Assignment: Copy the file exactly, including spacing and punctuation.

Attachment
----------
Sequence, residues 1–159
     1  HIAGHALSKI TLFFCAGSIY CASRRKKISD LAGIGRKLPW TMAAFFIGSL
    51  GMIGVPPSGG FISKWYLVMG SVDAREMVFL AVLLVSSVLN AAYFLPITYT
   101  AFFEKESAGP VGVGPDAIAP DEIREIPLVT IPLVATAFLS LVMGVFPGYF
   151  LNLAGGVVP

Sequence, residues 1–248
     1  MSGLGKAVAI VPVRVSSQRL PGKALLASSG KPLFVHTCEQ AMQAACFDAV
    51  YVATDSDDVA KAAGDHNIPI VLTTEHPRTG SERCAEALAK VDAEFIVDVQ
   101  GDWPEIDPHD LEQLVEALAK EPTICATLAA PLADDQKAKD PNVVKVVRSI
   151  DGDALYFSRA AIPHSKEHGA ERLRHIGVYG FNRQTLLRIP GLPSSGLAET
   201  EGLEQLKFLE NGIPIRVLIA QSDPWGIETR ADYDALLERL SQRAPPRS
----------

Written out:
Sequence, residues 1–159
     1  HIAGHALSKI TLFFCAGSIY CASRRKKISD LAGIGRKLPW TMAAFFIGSL
    51  GMIGVPPSGG FISKWYLVMG SVDAREMVFL AVLLVSSVLN AAYFLPITYT
   101  AFFEKESAGP VGVGPDAIAP DEIREIPLVT IPLVATAFLS LVMGVFPGYF
   151  LNLAGGVVP

Sequence, residues 1–248
     1  MSGLGKAVAI VPVRVSSQRL PGKALLASSG KPLFVHTCEQ AMQAACFDAV
    51  YVATDSDDVA KAAGDHNIPI VLTTEHPRTG SERCAEALAK VDAEFIVDVQ
   101  GDWPEIDPHD LEQLVEALAK EPTICATLAA PLADDQKAKD PNVVKVVRSI
   151  DGDALYFSRA AIPHSKEHGA ERLRHIGVYG FNRQTLLRIP GLPSSGLAET
   201  EGLEQLKFLE NGIPIRVLIA QSDPWGIETR ADYDALLERL SQRAPPRS